Neighbor discovery mechanism—This is a simple hello mechanism used to learn about neighboring routers. It is protocol-independent.

Arbitrary route summarization.

Scaling—EIGRP scales to large networks.

Route filtering—EIGRP for IPv6 provides route filtering using the distribute-list prefix-list command. Use of the route-map command is not supported for route filtering with a distribute list.

EIGRP has the following four basic components:

Neighbor discovery—Neighbor discovery is the process that routers use to dynamically learn of other routers on their directly attached networks. Routers must also discover when their neighbors become unreachable or inoperative. EIGRP neighbor discovery is achieved with low overhead by periodically sending small hello packets. EIGRP neighbors can also discover a neighbor that has recovered after an outage because the recovered neighbor will send out a hello packet. As long as hello packets are received, the Cisco IOS software can determine that a neighbor is alive and functioning. Once this status is determined, the neighboring routers can exchange routing information.

Reliable transport protocol—The reliable transport protocol is responsible for guaranteed, ordered delivery of EIGRP packets to all neighbors. It supports intermixed transmission of multicast and unicast packets. Some EIGRP packets must be sent reliably and others need not be. For efficiency, reliability is provided only when necessary. For example, on a multiaccess network that has multicast capabilities (such as GigabitEthernet) it is not necessary to send hello packets reliably to all neighbors individually. Therefore, EIGRP sends a single multicast hello with an indication in the packet informing the receivers that the packet need not be acknowledged. Other types of packets (such as updates) require acknowledgment, which is indicated in the packet. The reliable transport has a provision to send multicast packets quickly when unacknowledged packets are pending. This provision helps to ensure that convergence time remains low in the presence of varying speed links.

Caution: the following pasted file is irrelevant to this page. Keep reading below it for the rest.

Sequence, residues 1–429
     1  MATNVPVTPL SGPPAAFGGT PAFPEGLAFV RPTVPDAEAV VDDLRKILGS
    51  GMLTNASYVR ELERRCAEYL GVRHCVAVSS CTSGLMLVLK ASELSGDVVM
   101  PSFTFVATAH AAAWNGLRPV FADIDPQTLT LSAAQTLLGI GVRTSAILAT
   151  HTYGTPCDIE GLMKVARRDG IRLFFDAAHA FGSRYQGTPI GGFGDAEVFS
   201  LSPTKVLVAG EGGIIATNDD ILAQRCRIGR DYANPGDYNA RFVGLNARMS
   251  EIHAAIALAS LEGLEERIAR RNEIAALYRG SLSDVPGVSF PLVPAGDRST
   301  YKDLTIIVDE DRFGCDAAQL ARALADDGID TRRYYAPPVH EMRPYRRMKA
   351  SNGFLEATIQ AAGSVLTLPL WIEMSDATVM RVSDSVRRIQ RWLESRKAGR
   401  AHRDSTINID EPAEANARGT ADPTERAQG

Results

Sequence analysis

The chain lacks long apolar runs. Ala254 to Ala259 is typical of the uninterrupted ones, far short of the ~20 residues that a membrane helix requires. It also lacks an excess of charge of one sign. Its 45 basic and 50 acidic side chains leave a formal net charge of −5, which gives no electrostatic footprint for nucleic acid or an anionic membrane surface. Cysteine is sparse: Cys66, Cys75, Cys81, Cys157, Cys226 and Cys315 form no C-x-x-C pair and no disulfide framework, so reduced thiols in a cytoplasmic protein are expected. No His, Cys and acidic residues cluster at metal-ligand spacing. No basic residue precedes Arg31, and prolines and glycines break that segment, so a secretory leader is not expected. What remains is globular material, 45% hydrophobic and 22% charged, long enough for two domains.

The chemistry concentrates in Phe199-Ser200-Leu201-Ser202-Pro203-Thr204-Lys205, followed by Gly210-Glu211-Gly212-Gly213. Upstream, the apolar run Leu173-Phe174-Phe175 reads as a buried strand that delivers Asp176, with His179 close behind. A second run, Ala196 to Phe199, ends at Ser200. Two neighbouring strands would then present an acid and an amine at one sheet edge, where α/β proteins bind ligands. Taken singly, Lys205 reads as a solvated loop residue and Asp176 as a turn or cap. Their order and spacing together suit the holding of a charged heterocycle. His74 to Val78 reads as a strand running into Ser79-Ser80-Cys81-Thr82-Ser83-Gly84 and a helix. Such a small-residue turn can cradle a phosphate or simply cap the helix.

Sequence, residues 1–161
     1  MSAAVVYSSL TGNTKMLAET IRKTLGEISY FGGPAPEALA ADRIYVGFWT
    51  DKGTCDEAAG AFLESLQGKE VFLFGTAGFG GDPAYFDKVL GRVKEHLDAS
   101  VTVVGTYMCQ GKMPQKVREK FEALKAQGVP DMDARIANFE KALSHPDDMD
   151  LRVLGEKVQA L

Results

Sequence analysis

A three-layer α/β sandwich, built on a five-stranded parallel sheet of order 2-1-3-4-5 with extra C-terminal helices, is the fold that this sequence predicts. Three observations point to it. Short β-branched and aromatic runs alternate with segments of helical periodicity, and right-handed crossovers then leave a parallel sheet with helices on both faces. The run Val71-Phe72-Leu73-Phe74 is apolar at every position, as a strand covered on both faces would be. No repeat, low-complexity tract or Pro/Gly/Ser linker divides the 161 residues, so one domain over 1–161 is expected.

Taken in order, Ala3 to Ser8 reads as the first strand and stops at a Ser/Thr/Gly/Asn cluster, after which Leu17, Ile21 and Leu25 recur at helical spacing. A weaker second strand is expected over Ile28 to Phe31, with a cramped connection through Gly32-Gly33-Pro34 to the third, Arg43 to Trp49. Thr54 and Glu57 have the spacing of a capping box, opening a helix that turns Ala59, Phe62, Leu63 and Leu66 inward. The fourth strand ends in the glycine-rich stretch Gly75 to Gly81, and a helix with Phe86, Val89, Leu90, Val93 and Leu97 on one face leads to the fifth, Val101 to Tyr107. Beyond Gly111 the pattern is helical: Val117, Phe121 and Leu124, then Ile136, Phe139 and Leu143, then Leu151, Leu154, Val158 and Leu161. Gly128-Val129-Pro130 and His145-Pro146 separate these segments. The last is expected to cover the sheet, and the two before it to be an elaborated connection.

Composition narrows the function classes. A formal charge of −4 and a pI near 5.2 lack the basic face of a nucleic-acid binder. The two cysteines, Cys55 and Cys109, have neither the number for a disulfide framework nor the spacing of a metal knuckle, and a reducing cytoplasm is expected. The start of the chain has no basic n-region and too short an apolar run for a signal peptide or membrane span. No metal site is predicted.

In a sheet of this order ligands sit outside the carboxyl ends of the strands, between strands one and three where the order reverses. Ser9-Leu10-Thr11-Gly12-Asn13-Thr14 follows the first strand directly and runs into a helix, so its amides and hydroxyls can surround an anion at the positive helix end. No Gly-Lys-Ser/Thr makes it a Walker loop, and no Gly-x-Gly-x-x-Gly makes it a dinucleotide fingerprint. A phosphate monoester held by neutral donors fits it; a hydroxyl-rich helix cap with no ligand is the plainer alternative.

DUAL finite state machine—The DUAL finite state machine embodies the decision process for all route computations. It tracks all routes advertised by all neighbors. DUAL uses several metrics including distance and cost information to select efficient, loop-free paths. When multiple routes to a neighbor exist, DUAL determines which route has the lowest metric (named the feasible distance), and enters this route into the routing table. Other possible routes to this neighbor with larger metrics are received, and DUAL determines the reported distance to this network. The reported distance is defined as the total metric advertised by an upstream neighbor for a path to a destination. DUAL compares the reported distance with the feasible distance, and if the reported distance is less than the feasible distance, DUAL considers the route to be a feasible successor and enters the route into the topology table. The feasible successor route that is reported with the lowest metric becomes the successor route to the current route if the current route fails. To avoid routing loops, DUAL ensures that the reported distance is always less than the feasible distance for a neighbor router to reach the destination network; otherwise, the route to the neighbor may loop back through the local router.